Why this is important should be obvious if you are a compositor: you want the latest revision of each item. It is much easier for a compositor to go to the folder where the renders are placed, and get all the elements with the latest revision. If, assuming the compositor has been informed a new revision is ready, there are seven layers and only three new elements or passes, it implies that the prior revision is still valid. But if the version number is after the pass name, the compositor has to be more careful to collect all the right elements.
The final reason: it has to do with my next rule:

#6 Rendered Files Must Refer to Their Script

Every file produced in a digital pipeline is either a script, meta data (such as a shot list) or a product file, and every product file is either directly produced, such as a hand-rendered illustration, or indirectly produced, such as script driven renders. Every cg or composite render comes from a script, and the naming of the script and data products generated must always match.
If I have a most vital rule. This is it. Data products must match their script names. Or, more accurately, because an artist's focus should be on producing a new take or revision, the script must be named so that it refers to the product it produces and the product identifies the script used to make it.
Ignorance of this rule is one of the most common cause of chaos. Imagine you've been asked to revise 23 elements, but have no idea which scripts in the shot tree made them. You have to open every script until you find the one that generated the current version of each element.

Asset Management 101 – part 5: Essential Rules of File Naming 7- There Can Be Only One

Sunday, October 3, 2010

#0044 Ten Essential Rules of File Naming 1-3

Previous:      Asset Management 101 –  part 2: Understanding File Classification

Asset Management 101
The Ten Essential Rules of File Naming
Ever sit at the computer wondering what to name a file? Who hasn't? In the world of CG-VFX, this moment of decision gives either life or death to your file system organization. Good asset management begins with a good name. The magic of naming things is to remember the basic rule – I Am What I AM.

What does it mean, “I Am What I AM?” For most people, this fundamental question is exactly why there is a moment of indecision about what to name a file – too often a user doen't really understand what a particular file IS. 
Remember, in my last article I explained that there are more than 14 broad categories for every asset. So what a file is comes from those 14 plus categories.

Except in some far-off alien world, most files have an extension, which takes care of the file data type. By the way, file data tyoe was deliberately not included in my list of 14 ways to classify an asset, precisely because I consider this an inherent classification. So, since the extension (almost) always provides the essential file data type information, let's continue to ignore file data type. 
Now, I'd like to share my 10 Essential Rules of File Naming. Today we look at the first three:

#1 Let it Speak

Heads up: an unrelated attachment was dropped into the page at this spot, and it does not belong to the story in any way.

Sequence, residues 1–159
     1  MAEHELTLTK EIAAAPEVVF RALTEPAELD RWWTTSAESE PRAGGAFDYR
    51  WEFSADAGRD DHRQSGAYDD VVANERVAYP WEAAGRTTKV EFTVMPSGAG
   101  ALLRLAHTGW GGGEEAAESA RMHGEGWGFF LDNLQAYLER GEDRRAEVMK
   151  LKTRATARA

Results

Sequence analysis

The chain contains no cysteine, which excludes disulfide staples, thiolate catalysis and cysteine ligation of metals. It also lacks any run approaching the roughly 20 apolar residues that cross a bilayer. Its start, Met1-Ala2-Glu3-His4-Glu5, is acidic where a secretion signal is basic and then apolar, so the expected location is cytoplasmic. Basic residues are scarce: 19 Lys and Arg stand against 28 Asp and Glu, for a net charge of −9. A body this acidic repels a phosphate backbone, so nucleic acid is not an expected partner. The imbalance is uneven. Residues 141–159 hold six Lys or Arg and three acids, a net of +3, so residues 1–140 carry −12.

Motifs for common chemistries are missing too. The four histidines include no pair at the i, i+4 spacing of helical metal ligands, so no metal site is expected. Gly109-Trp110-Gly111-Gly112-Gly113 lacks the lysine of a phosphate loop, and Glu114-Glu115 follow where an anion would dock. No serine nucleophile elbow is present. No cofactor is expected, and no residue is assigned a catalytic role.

File or asset names work when they speak to you. Now, how can a name speak? Well, what I mean, is a good name will tell you lots of information about the asset. This is the core and this is the reason we need to consider the 14 classification systems. 
For example, often an asset name contains a shot number, some sort of revision number and often a frame number. (Frame or sequence position numbers, are also outside my classification systems, but they are clearly relevant and must be given proper attention to protect them from confusing your applications.)
We will come back to this later. For now, keep in mind that the main function of the asset name is to speed understanding and help bring the most important information forward.

#2 Make it Short

My first principle is a simple one: keep the name as short as possible. The old fashioned 8.3 naming rule was about as useful as used gum on a shoe, but names that are two long can cause problems. The first problem, is that names that are two long can eat-up name memory space in software that limits this sort of thing, which is common in older applications or legacy apps that still have an old-fashioned code base. What happens is that if the names are X length and you have N files, N*X can be too much. I've seen it in some apps' bins and in at least one OS. Another problem, is that a name that is too long could break a database program that assumes a file name of a maximum length for a data field. Too long and the name could get truncated, making it inaccurate or useless, or worse, the program could crash or not accept the entry. Even if the filename length is accepted, the display of the long filename could be a problem if using a spreadsheet or a data form with a fixed length of the name display. So, if designing a name space for your assets, consider your legacy applications' restrictions. (If designing an application, consider your users' name space needs.) The best reason to keep names short is you (and everyone else) will be typing them again, and again and again.

#3 Keep it Simple

Overly elaborate naming conventions suffer from several problems. First and most significant, users will forget the rules or disregard them. Also, an overly elaborate name may be too long, be difficult to read or contain characters that make your OS or applications choke.

While these first three rules may seem basic, they provide a foundation for all the rest.  We'll look at the next set in tomorrow's installment.
Next:            Asset Management 101 – part 4: Ten Essential Rules of File Naming 4-6